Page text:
Friday, November 6, 2009

U.S. To Remove N. Korean WMDs in Contingency



By JUNG SUNG-KI

SEOUL - U.S. forces in Korea will take charge of securing or eliminating weapons of mass destruction (WMDs) in North Korea when contingency situations occur, even after South Korea takes over wartime operational control (OPCON) of its troops from the United States in 2012, according to Korean and American military officials here.

The plan is part of a newly developed Korea-U.S. operational plan (OPLAN), codenamed 5029, to respond to any type of internal instability in the communist state, they say.

U.S. Gen. Walter Sharp, commander of the ROK-U.S. Combined Forces Command (CFC), confirmed the move. Speaking at a seminar here Oct. 30, the four-star general, who concurrently serves as chief of the U.S. Forces Korea and the U.N. Command, said both militaries agreed that American forces will still spearhead operations to eliminate North Korean WMDs and Marine amphibious assaults after the OPCON transfer on April 17, 2012.

A South Korean CFC commander said that under OPLAN 5029, "either" South Korean and U.S. troops would conduct stabilizing operations in North Korea, such as securing the North's WMDs and nuclear sites, in a flexible manner in case of an emergency.

"There are various case-by-case scenarios in the operational plan," the commander said. "Both troops will conduct contingency operations jointly or independently in accordance with emerging situations. That is, the U.S. military will take charge of WMD elimination works if needed."

Since early last year, the CFC has developed schemes to prepare for the North's internal instabilities by creating a working group for research on WMD elimination capabilities, he said.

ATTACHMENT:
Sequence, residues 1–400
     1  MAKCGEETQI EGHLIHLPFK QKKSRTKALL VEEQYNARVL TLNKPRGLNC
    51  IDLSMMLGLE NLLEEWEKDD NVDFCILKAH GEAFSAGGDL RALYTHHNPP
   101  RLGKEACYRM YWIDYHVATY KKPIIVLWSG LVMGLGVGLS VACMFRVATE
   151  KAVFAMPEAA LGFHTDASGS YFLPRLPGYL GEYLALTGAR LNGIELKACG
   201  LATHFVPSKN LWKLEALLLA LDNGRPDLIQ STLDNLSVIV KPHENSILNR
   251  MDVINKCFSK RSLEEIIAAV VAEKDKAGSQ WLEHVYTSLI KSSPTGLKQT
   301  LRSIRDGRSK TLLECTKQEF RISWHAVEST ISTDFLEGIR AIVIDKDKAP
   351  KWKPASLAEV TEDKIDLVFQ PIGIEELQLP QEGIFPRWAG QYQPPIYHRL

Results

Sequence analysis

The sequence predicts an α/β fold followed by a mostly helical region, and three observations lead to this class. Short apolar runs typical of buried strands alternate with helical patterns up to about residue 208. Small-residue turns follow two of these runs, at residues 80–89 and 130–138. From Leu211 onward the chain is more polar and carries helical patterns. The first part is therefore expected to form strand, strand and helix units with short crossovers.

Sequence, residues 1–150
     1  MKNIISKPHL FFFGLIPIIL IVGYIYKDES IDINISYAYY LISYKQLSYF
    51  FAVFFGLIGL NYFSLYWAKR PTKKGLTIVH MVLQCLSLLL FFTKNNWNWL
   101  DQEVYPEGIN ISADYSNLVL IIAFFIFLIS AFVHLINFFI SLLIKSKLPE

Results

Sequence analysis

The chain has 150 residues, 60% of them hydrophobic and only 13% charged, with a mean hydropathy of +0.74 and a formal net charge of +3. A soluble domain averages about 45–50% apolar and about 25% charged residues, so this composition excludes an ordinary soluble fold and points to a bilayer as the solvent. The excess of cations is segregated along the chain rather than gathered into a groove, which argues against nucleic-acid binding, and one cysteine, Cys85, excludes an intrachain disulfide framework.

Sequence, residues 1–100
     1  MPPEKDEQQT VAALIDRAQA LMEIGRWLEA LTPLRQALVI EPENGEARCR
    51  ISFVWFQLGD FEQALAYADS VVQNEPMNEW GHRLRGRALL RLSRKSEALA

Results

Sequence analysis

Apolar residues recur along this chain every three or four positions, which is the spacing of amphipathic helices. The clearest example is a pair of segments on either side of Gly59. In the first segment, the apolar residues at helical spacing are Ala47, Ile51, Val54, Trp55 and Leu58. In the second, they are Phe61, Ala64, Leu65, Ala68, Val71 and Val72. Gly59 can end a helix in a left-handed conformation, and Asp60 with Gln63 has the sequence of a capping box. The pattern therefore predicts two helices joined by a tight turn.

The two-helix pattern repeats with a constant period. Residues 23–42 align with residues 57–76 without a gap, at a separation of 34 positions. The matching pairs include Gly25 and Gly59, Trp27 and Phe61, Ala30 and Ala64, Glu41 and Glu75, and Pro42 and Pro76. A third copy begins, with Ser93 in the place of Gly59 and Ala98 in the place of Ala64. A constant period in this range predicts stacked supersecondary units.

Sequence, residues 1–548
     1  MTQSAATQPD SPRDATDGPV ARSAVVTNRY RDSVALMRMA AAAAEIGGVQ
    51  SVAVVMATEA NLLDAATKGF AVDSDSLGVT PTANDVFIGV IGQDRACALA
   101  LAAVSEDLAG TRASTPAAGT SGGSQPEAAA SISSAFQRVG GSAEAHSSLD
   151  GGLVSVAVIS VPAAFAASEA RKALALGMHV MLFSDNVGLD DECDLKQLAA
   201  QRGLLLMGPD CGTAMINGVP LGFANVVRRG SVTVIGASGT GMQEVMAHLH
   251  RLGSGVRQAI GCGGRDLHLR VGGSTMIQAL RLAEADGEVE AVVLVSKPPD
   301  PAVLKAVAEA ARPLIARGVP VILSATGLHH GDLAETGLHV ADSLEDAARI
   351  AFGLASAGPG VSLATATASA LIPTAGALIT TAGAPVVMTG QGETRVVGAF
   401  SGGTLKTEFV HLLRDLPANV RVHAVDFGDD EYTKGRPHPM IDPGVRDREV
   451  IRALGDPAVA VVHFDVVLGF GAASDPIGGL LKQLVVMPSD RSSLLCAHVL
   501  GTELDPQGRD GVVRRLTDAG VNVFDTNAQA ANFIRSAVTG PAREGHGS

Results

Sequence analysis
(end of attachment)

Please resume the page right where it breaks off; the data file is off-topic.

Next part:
OPLAN 5029 outlines specific courses of action to cope with various levels of internal turmoil in the North, such as a mass inflow of North Korean refugees, a civil war provoked by revolt or coup, South Korean hostages being held in North Korea and natural disasters.

Seoul's Joint Chiefs of Staff said, however, neither confirmed nor denied the plan, only saying it has a conceptual plan (CONPLAN) on North Koran contingency situations.

Defense sources and experts see the latest move as a major turnaround from a contingency strategy under the previous, liberal Roh Moo-hyun administration in pursuit of building a "self-reliant" military independent from the U.S. military.

Roh's office wanted its troops to lead almost all operations, including the elimination of WMDs, when Pyongyang becomes embroiled in a domestic crisis or suddenly collapses. It was opposed to developing the CONPLAN, arguing such a plan could infringe on the country's sovereignty and cause a full-scale war on the Korean Peninsula should the U.S. military conduct unilateral action against North Korea.

"I can say the joint contingency plan has shifted to a realistic level," Cha Du-hyeogn, a senior researcher at the Korea Institute for Defense Analyses (KIDA), said.

"We should not be obsessed with the concept of 'leading' and 'supporting.' It's not a matter of sovereignty indeed," Cha said. "The thing is, who has more assets and capabilities required, or who's more trained."

After 2012, South Korean troops are supposed to play a bigger role in national security, but as long as the U.S. military has better surveillance and WMDs capabilities, it's appropriate for the United States to lead the elimination of North Korean WMDs, said the researcher.

Other ways of controlling North Korean WMDs include pressuring the regime to eliminate the weapons itself, enhancing surveillance and reconnaissance on them, and using China's leverage over Pyongyang, he added.

"Some opponents say the U.S. should not be involved in North Korean contingency situations because that's an issue of South and North Korea concern," Cha noted. "That's wrong. The North Korean nuclear and WMD issue has already become a regional or international problem beyond that of the Korean Peninsula."